Freshman Rep. Tim Walz (D-Minn.) has no shortage of Republicans who would like to unseat him next year, but the former high school teacher says he doesn’t worry much about them.
Four Republicans already have started campaigns. The National Republican Congressional Committee considers Walz one of its top targets and has been whacking him every chance it gets. Radio ads tying him to Speaker Nancy Pelosi (D-Calif.), paid for by the NRCC, will run all week in his Rochester-based 1st district.
Nonetheless, Walz, who the Democratic Congressional Campaign Committee did not get behind until very late last year, is taking the GOP attention in stride.
“The Congressional side is really about connecting back home,” Walz said last week. “When you truly come from the grass roots, like I did, you don’t worry about the political side as much.”
Walz was a long-shot candidate, but the former National Guardsman campaigned relentlessly and his personal style helped him earn a surprising 53 percent to 47 percent victory over then-Rep. Gil Gutknecht (R-Minn.) last year.
Walz said his views mirror that of his district’s on everything from the Iraq War to gas prices to immigration.
Republicans will “have a hard time painting me as out-of-touch” with the district, Walz said.
He wants to end U.S. involvement in Iraq but voted for the latest war spending bill because he came to realize that President Bush is “reckless” and “absolutely willing to play brinkmanship” until Democrats gave in to his demand for additional funds without strings attached, which they did last week.
Walz, who retired from the Army National Guard as a command sergeant major, said that because Bush was never going to blink, denying funds in the hope of forcing his hand only would have harmed the troops.
Walz served in Italy in support of Operation Enduring Freedom in Afghanistan and is the highest-ranking enlisted soldier ever to serve in Congress, according to his biography.
His military background and frank manner of talking have drawn a lot of media attention.
While Walz has managed to stand out more than the average freshman House Member, he’s still a favorite GOP target.
Two legislators, state Sen. Dick Day and state Rep. Randy Demmer, are seeking the Republican nomination along with Brian Davis, a doctor, and Mark Meyer, a local school board member.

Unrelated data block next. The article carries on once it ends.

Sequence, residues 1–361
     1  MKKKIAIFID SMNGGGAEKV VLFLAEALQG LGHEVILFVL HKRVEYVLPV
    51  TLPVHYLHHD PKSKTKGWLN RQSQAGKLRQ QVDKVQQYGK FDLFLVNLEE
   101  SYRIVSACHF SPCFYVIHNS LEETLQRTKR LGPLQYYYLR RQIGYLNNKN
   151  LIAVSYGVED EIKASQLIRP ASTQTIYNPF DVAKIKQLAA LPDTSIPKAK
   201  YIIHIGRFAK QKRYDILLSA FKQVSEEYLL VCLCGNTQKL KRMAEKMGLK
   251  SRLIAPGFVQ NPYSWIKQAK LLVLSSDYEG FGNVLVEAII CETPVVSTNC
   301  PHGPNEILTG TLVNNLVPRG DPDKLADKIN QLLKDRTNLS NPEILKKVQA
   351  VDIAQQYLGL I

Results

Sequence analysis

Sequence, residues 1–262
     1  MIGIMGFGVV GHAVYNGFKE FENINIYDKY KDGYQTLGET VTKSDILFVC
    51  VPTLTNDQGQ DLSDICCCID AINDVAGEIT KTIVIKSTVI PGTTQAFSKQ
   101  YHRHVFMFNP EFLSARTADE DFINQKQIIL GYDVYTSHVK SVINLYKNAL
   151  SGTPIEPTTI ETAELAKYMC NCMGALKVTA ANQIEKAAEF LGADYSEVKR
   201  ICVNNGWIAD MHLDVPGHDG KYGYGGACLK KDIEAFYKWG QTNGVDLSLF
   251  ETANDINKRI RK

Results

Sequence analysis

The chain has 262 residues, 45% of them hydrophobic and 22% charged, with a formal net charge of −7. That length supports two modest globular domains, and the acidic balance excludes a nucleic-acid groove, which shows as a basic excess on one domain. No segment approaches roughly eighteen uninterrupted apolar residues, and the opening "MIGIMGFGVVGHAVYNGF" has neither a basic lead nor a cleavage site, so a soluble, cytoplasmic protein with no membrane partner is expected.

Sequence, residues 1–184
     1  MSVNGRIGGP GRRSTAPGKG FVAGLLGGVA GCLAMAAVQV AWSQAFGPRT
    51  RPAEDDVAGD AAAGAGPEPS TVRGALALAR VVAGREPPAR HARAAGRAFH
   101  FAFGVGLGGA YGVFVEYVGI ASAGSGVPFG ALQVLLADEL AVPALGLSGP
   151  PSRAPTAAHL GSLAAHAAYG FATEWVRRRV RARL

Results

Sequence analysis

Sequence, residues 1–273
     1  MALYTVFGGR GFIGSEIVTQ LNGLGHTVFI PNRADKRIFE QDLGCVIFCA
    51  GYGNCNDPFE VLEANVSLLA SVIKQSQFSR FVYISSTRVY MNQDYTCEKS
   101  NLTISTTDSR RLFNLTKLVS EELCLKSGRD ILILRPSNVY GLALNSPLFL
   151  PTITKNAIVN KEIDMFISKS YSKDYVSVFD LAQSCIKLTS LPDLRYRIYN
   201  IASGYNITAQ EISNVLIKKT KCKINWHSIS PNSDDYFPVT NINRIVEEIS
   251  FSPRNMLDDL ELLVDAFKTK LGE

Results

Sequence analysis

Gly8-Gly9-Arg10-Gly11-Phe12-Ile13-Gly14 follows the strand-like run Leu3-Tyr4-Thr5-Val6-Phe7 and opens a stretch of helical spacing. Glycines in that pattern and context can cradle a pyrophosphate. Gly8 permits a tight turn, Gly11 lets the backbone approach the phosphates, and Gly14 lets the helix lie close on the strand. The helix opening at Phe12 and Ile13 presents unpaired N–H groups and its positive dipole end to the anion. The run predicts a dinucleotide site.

“There’s a lot of pent-up ambition in Minnesota 1,” NRCC spokesman Ken Spain said. “You had a Republican Member of Congress who held the seat for quite some time and now there are a lot of locally elected individuals who believe this is their opportunity to run and win.”
Day reported having about $11,000 in the bank as of March 31. Meyer’s exploratory committee saved more than $5,600. Demmer and Meyer did not file Federal Election Commission reports at the end of the first fundraising quarter.
Demmer joined the race late enough in the quarter that he did not have to file.
Walz began April with roughly $160,000 in his war chest. He acknowledged that the DCCC, which included him in its “Frontline” program for vulnerable Members, would like him to kick his fundraising into higher gear.
He spent less than $1.3 million last year compared with Gutknecht’s $1.7 million. His target this time is to raise $2 million.
Walz’s re-election race could turn out to be a situation where, on paper, the district looks competitive but ultimately proves not to be, said Barry Casselman, a Minnesota-based national political columnist.
“Walz is the favorite to beat for re-election and has been a highly visible first-term Congressman with his only political mistake, in my opinion, being his turning back the invitation of the Blue Dog Democrats to be one of them,” Casselman said.
Walz did not join the Blue Dog Caucus, a group of more conservative Democrats.
“So far there’s been nothing remarkable about the Republican field,” Casselman said.
Someone could come along and prove formidable but, at this early date, that is not the case, Casselman added.
Also up in the air is how the Republican nominee will be selected.
In Minnesota, both major parties endorse a candidate through a caucus system. That person then gets the party’s financial and logistical support, but the process is nonbinding. Candidates can choose to press ahead and challenge the endorsed candidate in the September primaries.
The Republican contenders in the 1st district have yet to say what approach they will take.
“It would certainly be an unconventional move for anyone to ignore or attempt to bypass that process,” Spain said.
Walz firmly believes that Congressional Democrats have to make good on their promises to end the “culture of corruption” they said festered on Capitol Hill under Republican rule or they will face reprisals from the voters.
He also said Democrats have to show they can tackle tough issues such as immigration.
“I’m convinced we have to move a bill,” Walz said. “Republicans will use it against us if we don’t get one.”
Walz said the farmers and city-dwellers in the 1st district realize that illegal immigrants working in their fields and obeying the law need some way to become citizens. They also understand that immigrant labor is vital to the economy.
Last year, GOP Reps. Steve King (Iowa) and Tom Tancredo (Colo.) swung through “the two most Republican counties” in the 1st district during the campaign. They accused Walz of supporting “amnesty” for illegal immigrants and not taking a hard enough stance on border security.
“I won those counties,” Walz said. “When I see [King] on the House floor, I thank him.”